2. By understanding what a user likes and doesn’t like, we are hoping to do some serious data analysis to start letting them know what other things they would probably think are HOT and NOT. In a world where users are willing to tell us more about them, we should be able to give them more tailored information back. General lists are cool, but tailored lists are cooler.

For example, remember how America’s Funniest Home Videos used to always be a highly rated show on Nielsen’s lists? I pretty much hated that show. On the flipside, I loved Veronica Mars, a show that just got canned. People are individuals who have individual taste. Lists should honor and respect that individuality.

In doing so, we are going to connect people not only to other people, but to other things that they would like too.

3. We are building communities around each Stylepix, enabling people to find and communicate with each other.

This is actually the coolest part about what we are doing. It is still super rough around the edges, but I think the concept is demonstrated a bit by what we’ve built already.

Each Stylepix submitted to the system (they are ALL user generated) has a Stylepix page that will become the basis of a community. Want to find a NY Yankees fan who might have tickets to sell? No problem. Want to find a Hot Girl that likes Linux? Believe it or not, also not a problem.

Not only will the Stylepix page connect people to other like-minded (like-styled?) individuals, it will also provide a place for people to talk about the Stylepix and share their opinions. Over time, we plan to do some really cool stuff on these pages to make interaction more fun and more interesting.

Here’s something else a bit different: our goal is not to build these communities for HOTorNOT’s users only. We are happy to overlay these communities on top of existing social networks and connect them all. In fact, we already have over 500,000 people on Facebook are already using the Hotlist product, and they can communicate on the Stylepix page with any other Hotlist user whether she comes from Facebook, HOTorNOT, or anywhere else we distribute the system to. There are a lot of cool things we are going to do with the data in addition to the cool communities we are building, and we are fine with the entry points to the system being distributed rather than centralized.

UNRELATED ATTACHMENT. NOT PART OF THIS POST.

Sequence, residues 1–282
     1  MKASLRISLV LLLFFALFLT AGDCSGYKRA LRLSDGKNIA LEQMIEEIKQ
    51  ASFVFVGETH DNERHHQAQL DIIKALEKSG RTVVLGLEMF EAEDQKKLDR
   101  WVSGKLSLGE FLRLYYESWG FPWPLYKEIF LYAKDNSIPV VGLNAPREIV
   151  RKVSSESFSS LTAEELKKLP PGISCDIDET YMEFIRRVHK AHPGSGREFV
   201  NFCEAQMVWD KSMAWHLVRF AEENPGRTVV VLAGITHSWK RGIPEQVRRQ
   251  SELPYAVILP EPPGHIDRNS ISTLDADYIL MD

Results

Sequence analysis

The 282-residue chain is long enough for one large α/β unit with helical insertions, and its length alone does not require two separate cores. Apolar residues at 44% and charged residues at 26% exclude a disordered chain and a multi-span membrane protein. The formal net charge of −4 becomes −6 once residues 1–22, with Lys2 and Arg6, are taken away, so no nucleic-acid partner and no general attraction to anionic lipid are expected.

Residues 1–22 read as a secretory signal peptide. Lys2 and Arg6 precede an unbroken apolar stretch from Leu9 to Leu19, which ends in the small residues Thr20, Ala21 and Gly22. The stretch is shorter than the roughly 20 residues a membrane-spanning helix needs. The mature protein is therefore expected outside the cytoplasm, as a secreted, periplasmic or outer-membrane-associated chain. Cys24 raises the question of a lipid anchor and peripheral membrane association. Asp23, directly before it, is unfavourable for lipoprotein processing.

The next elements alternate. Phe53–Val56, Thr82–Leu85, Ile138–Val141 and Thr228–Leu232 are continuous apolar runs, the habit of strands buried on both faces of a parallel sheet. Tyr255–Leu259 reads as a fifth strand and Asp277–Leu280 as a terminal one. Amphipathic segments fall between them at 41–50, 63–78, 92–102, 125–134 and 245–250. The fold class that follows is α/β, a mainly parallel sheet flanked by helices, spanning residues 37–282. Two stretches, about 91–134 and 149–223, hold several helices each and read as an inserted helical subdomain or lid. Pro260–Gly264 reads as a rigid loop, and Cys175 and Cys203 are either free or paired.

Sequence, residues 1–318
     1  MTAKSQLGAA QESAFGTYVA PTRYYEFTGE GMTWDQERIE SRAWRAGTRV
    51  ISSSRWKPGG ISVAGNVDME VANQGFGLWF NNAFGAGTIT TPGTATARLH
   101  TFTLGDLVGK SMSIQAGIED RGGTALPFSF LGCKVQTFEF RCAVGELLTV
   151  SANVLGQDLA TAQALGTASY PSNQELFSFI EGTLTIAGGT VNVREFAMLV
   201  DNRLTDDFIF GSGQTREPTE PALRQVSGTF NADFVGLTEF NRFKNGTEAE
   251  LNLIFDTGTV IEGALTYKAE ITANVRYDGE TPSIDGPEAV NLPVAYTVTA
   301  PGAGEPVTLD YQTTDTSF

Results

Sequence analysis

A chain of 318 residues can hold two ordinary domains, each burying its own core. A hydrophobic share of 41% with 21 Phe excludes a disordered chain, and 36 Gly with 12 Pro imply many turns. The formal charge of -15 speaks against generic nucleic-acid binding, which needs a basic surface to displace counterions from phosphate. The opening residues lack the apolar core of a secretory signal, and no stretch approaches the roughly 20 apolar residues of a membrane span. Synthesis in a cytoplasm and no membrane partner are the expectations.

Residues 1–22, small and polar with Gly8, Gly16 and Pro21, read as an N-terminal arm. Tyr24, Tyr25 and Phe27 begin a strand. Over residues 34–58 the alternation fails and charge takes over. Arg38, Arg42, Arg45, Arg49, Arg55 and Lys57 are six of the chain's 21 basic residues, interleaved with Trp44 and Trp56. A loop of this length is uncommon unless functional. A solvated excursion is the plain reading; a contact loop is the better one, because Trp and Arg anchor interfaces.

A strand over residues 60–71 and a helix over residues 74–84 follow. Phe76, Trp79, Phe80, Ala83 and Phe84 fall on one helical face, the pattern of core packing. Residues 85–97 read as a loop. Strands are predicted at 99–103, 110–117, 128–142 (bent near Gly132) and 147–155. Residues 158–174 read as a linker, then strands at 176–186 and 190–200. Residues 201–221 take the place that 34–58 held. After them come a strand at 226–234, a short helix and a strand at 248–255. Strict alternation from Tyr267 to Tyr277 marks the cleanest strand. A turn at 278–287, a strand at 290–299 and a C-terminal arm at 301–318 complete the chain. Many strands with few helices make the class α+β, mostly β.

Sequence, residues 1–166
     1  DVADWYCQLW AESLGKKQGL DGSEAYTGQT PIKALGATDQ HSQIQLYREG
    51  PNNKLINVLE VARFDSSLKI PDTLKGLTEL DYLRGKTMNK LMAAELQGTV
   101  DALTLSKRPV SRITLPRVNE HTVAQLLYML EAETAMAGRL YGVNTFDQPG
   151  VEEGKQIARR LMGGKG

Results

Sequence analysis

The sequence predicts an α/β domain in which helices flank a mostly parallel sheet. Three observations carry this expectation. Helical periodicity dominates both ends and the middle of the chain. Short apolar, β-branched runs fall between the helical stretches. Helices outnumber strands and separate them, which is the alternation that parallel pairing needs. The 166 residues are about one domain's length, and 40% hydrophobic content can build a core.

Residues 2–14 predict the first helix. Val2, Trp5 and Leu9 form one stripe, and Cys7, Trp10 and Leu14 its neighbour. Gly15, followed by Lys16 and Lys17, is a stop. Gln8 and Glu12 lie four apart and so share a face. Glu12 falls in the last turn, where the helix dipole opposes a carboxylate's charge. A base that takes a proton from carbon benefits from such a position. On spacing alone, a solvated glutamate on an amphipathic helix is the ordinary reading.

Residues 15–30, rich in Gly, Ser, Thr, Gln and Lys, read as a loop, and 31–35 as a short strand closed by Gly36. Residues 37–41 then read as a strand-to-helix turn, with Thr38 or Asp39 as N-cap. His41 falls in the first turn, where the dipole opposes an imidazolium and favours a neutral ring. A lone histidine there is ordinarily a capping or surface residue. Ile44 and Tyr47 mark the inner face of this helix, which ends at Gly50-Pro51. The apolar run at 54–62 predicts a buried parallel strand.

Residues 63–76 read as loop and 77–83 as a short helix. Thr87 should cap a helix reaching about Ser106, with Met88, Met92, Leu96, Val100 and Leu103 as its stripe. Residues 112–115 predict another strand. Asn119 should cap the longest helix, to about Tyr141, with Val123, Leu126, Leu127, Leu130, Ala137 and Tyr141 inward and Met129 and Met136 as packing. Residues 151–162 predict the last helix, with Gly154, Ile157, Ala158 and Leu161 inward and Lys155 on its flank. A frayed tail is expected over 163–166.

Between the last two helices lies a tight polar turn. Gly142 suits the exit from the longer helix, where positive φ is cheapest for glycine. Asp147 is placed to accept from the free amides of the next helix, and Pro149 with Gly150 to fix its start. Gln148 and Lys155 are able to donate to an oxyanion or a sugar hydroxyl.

If you want to try building a hotlist for your Facebook profile, click here.

How is this a business?

Turning away from a subscription model is hard because it is a simpler business. We know we created value for our users because over 15% of free members ended up paying for it. How does our new strategy fit in with making money?

1. Improving Ads on HOTorNOT

First, making this move will enable us to raise the effective CPM rates on our site. If I know you are interested in computers, I can show you techie ads instead of random "punch the monkey" ones. Even better, if you happen to be on a stylepix page, that ad can become even more targeted. Are you on the Verizon Wireless page asking people if Verizon has good coverage in Memphis? Maybe Sprint would like to show you an ad. In essence, HOTorNOT pageviews used to have little context for targeting and few themes for channelization. With this data and with these communities, we will have plenty of both.

2. Use the data collected to build a superior Brand Ad Targeting Engine

The way brand ads are targeted today is based on inefficiencies of historical media platforms. Making advertising decisions based on the information that I am an Asian male, aged 34, living in San Francisco, with a 60% chance of being in the $75-100k income bracket is better than nothing, but still limited. The industry evolved to that standard because that was the best targeting publishers could provide.

We think the future is a lot richer than that, and we think knowing what someone’s style is (what bands they like, what clothing brands they like, what beers they like, what music they like, what whatever they like) can help us give them a better experience. If you are going to be shown ads, the ads might as well be interesting ones that start bleeding into being content. (Ever notice how fashion magazines are often half ads... and how people actually ENJOY looking at those ads?)